EDR denounces freight delays that cost operations dearly
Exporters, importers and logistics companies are frustrated by the Ethio-Djibouti Railway’s (EDR) exorbitant demurrage charges for minor delays. As an alternative to rail transport, a significant number of companies are turning to trucking.
Currently, the railway company penalizes 32,000 birr per car if it is delayed for nine hours at the port of Djibouti or at Endode station, the departure point near Addis Ababa.
The penalty reaches up to 42,000 birr if a car is delayed for 12 hours. The billing rate also varies from customer to customer.
“After the wagon arrives in Djibouti or Endode, it takes a few hours before the cargo is unloaded. The penalty mounts very quickly. They want the containers to be unloaded immediately after the wagon arrives at its destination,” said an official from one of the major logistics companies in Ethiopia.
The manager says it is difficult to unload or load exactly when the car arrives. “There are also various issues that are delaying our operations.”
The penalty is double the cost of rail transport between Djibouti and Ethiopia. Shipping a 40ft container from Ethiopia to Djibouti costs 17,206 birr, while two 20ft containers cost 17,506 birr.
“The cost of rail transport between Ethiopia and Djibouti is cheaper than that of trucks. It’s also safer and faster. However, demurrage charges have become a big headache for us. We’ve been complaining to EDR for months,” said an exporter who spoke to The journalist on condition of anonymity. “But currently we have switched to using trucks.”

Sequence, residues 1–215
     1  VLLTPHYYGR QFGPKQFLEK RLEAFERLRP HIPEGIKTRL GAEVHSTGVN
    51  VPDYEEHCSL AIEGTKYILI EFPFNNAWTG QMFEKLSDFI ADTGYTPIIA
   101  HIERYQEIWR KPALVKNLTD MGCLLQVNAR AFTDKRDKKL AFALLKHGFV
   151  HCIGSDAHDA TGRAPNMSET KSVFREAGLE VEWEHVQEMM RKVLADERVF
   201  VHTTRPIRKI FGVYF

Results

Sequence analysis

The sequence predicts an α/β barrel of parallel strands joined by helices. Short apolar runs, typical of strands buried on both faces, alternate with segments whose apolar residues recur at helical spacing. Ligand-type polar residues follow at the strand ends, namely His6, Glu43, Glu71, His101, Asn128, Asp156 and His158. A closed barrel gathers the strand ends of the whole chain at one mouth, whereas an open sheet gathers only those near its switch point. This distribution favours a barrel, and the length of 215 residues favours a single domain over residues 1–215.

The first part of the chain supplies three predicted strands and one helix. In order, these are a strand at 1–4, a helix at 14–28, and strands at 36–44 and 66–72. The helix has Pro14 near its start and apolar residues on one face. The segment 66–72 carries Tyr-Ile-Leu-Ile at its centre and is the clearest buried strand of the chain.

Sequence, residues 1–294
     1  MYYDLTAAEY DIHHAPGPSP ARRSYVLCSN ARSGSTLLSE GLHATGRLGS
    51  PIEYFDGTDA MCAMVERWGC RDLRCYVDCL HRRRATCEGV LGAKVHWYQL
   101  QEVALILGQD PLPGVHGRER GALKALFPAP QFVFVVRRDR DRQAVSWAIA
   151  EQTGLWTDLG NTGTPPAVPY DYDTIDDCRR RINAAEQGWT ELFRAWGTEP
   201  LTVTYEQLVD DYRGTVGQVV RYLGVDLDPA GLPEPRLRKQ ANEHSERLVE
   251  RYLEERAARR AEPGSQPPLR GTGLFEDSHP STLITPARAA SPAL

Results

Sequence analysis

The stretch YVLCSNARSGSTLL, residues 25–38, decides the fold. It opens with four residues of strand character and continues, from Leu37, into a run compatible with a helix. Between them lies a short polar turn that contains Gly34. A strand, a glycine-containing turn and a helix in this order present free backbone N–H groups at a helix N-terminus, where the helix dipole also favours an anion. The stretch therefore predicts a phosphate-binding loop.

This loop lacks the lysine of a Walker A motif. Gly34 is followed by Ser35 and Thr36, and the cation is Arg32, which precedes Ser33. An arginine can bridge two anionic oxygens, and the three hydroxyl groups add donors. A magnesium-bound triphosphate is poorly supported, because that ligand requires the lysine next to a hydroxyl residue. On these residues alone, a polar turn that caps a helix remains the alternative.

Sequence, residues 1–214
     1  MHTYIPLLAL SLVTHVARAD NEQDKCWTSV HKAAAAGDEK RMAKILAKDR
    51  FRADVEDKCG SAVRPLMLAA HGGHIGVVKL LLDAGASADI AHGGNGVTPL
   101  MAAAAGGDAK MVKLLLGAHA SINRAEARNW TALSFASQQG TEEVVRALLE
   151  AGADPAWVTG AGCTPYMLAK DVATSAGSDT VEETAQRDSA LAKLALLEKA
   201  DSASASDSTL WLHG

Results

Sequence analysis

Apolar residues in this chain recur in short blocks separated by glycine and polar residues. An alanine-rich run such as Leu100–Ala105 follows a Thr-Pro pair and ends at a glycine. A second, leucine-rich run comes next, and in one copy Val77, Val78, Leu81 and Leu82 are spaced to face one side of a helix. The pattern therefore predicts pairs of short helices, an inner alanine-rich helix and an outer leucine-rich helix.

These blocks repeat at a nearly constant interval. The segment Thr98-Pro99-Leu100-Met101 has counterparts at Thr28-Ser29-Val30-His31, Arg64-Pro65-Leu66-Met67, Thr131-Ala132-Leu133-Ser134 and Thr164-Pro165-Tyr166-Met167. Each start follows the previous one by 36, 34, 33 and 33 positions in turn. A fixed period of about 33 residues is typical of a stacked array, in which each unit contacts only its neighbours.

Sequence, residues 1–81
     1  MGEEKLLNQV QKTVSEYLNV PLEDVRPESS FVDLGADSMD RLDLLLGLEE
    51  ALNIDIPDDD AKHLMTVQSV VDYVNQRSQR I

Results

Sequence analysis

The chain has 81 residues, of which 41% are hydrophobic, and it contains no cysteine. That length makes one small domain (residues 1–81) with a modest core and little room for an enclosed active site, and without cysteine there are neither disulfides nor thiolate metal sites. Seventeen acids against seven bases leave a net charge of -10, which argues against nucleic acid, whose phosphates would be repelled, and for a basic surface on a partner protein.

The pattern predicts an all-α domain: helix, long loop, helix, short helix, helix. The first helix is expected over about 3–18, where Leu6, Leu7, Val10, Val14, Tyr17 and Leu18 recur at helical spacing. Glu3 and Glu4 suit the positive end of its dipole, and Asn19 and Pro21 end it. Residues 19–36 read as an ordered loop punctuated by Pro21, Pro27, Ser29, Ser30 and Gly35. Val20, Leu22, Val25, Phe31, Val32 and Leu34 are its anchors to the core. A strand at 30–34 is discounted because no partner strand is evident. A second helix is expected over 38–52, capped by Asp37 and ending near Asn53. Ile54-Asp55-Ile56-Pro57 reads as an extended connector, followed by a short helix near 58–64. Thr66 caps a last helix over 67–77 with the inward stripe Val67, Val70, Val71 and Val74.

However, according to EDR officials, the source of the problem is mainly forwarding companies and freight owners.
“We have analyzed most of the causes of these complaints. But the source of complaints is usually the cargo owners themselves. There are tons of paperwork delaying our wagons in Ethiopia and Djibouti, including LCs, customs and other documentation processes,” a senior EDR official said.
The official says there are also challenges until the cargo arrives at the stations. “All of these challenges should not concern EDR. The central bank, customs commission, carriers, cargo owners and other stakeholders should perform their duties on time. The EDR cannot take responsibility for the ineffectiveness of other institutions.
A car must arrive according to the railway schedule. But exporters and importers usually don’t keep time. If a car is delayed even for an hour, it has a huge impact on the EDR, according to the official.
“The ships in Djibouti cannot wait for us. They always operate on a schedule. So when they miss our cargo, it’s a huge cost to EDR. That’s why we have to put pressure on shipowners to be precise. Otherwise, the whole system fails to interface with the sea shipping system. Our wagons take a maximum of 15 hours to reach Djibouti,” the official said.
As it is known when ships should pick up containers at the port of Djibouti, the official said, all customers are informed of the precise schedule in advance. “Land and sea schedules must be aligned. To avoid any delay, we must maintain a severe sanction for exporters and importers. »
On the other hand, cargo owners, central bank, customs and other stakeholders accuse each other. Of course, freight owners do not know or undertake the background of the import-export process since they outsource the task to freight forwarders.
Most Ethiopian import/export companies outsource almost all tasks to freight forwarders, who finalize everything from paperwork to delivering the cargo.
Just as Ethiopian exporters and importers are represented by Ethiopian forwarders, there are counter forwarders on the Djiboutian side. Ethiopian freight forwarders usually email or phone their Djiboutian counterparts to tell them that they have shipped goods from Ethiopia and vice versa.
However, Ethiopian freight forwarders have no control as it is difficult to find information regarding the process in Djibouti, which also contributes to delays.